Change comes as Sheffield indie trio become rock'n'roll quartet
Up-and-coming Sheffield trio The Harringtons are now a quartet, having added a fourth member to help continue their success.
Fresh from the release of their debut EP Change is Gonna Come last year, guitarist Max Asquith has joined frontman Jack Shaw, bassist Brad Cartwright and drummer Jordan ‘Jud’ Watkin as they prepare for a mini spring tour - including a hometown show.
The four have been practising together for a while after knowing one an other from school – and Brad believes “it just blossomed into something special”.
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And Jack say the extra person has had a “notable impact” on the group.
“I can’t even describe the difference it has made,” he says. “We went from being a punchy indie band to a wall of sound with a rock’n’roll force.”
Despite only being announced at the end of 2017, Max has already played with the band when he joined them for a song during their Paris gig at the end of their last tour.
Since the release of their EP back in July, it has been played in countries across the world, from Russia to Mexico, which Jack says, shows “music makes the world feel like a smaller place”.
Most feedback on the four tracks has been positive, earning them a place on the BBC Introducing top-50 list, but they have also fallen foul of Twitter trolls.
Calling it “the breeding ground of idiots”, Max says: “If you start living your life on the opinions of others, then you aren’t you anymore.”
Jud adds: “If you buy a CD and don’t like it that’s fair enough, but going on the internet and just being offensive for no reason, that’s pointless.”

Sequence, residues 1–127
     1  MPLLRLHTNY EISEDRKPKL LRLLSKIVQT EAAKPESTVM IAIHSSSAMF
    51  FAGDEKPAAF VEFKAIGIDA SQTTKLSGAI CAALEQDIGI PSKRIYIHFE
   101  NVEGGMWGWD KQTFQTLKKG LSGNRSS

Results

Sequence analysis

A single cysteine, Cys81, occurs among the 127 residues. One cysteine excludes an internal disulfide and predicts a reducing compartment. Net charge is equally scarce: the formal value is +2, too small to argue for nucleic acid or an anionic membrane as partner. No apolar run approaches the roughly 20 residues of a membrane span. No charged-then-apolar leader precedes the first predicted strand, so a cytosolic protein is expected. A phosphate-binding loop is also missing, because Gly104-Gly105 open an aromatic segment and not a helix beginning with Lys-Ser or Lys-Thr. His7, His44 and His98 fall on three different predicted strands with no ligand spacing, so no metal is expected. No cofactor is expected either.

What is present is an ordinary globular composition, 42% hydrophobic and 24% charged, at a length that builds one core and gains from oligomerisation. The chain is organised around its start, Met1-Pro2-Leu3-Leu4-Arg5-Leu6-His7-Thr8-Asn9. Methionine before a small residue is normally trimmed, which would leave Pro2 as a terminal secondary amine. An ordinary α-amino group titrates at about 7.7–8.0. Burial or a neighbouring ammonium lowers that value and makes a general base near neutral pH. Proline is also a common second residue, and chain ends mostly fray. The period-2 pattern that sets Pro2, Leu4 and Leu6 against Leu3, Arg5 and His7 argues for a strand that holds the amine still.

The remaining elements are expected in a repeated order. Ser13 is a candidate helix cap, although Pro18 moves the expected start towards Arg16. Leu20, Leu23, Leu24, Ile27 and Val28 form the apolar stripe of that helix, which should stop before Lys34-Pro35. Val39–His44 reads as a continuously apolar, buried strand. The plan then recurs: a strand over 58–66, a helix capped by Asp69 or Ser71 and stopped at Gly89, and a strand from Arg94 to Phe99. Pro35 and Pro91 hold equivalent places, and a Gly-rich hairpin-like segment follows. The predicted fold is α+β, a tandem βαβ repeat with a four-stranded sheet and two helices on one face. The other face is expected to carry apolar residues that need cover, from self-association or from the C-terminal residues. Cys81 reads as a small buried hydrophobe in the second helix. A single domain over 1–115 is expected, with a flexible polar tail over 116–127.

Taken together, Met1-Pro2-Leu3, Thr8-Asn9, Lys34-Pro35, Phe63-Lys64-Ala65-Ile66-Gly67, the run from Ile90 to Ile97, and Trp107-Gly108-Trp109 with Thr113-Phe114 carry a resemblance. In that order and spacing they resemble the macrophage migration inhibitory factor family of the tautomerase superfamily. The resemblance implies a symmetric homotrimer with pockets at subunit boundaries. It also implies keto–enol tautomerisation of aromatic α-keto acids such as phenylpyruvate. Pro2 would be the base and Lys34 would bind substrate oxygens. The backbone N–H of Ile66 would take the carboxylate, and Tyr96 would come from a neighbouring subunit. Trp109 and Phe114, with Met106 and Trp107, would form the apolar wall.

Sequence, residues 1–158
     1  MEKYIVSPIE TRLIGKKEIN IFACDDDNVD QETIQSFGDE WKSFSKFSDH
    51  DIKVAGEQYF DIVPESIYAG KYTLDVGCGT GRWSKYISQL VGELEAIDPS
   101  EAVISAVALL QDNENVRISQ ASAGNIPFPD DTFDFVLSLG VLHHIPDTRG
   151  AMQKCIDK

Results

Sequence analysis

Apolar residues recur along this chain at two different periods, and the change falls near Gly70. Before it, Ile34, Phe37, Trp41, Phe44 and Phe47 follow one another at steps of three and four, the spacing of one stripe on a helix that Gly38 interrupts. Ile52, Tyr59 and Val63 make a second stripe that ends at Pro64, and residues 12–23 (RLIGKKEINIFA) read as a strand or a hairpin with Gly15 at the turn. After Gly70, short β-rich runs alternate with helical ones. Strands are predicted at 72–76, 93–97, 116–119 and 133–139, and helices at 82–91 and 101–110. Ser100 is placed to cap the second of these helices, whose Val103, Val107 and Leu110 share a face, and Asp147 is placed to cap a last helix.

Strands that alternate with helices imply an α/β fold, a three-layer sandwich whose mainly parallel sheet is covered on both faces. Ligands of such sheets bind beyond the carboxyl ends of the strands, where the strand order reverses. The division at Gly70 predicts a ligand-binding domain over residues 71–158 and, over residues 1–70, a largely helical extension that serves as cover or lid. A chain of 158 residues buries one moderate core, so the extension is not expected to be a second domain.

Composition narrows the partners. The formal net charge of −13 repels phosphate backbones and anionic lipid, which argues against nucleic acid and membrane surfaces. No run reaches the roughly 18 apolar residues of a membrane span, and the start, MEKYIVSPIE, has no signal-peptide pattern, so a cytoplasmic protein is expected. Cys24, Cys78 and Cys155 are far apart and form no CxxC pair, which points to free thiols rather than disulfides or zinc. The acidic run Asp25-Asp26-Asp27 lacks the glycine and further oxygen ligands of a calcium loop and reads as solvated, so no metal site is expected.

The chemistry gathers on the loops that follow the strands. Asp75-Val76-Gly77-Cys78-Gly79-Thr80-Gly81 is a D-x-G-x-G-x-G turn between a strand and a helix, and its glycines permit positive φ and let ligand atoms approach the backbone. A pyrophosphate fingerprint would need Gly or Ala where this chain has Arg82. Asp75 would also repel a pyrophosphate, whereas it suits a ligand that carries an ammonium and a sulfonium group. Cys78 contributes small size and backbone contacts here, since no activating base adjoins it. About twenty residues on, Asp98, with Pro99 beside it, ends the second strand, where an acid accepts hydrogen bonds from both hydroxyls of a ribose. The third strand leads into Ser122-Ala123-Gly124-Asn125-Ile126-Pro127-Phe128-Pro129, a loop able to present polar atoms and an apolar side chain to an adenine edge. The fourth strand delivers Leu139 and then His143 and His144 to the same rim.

Looking forward, the foursome hope to release another single in the upcoming months.
Jack says: We have plenty of new tracks that need polishing off.”
The band cite influences such as The Housemartins, The Smiths and The Stone Roses, as well as The Rolling Stones and Oasis.
Max says: “The Stones wrote the book on rock’n’roll and Oasis rewrote it.”
Jack adds: “It has fallen on our shoulders to rewrite it once again.”
While a lot of bands may aspire just to support one of their heroes, comments such as that from Jack suggest The Harringtons are aiming straight for the top. He says there is “no point” in having the goal of just being a support act, adding their attitude is “on a fine line between confidence and arrogance”.”
As for the future – Jack wants to release more music, the gigs to become bigger and him to grow taller.
He says: “I bought a pair of Doc Martens and the gigs are already starting to grow so we are well on our way to reaching those targets.”
The Harringtons play Record Junkee, Earl Street, on Saturday, March 17. For tickets, see theharringtons.band/tour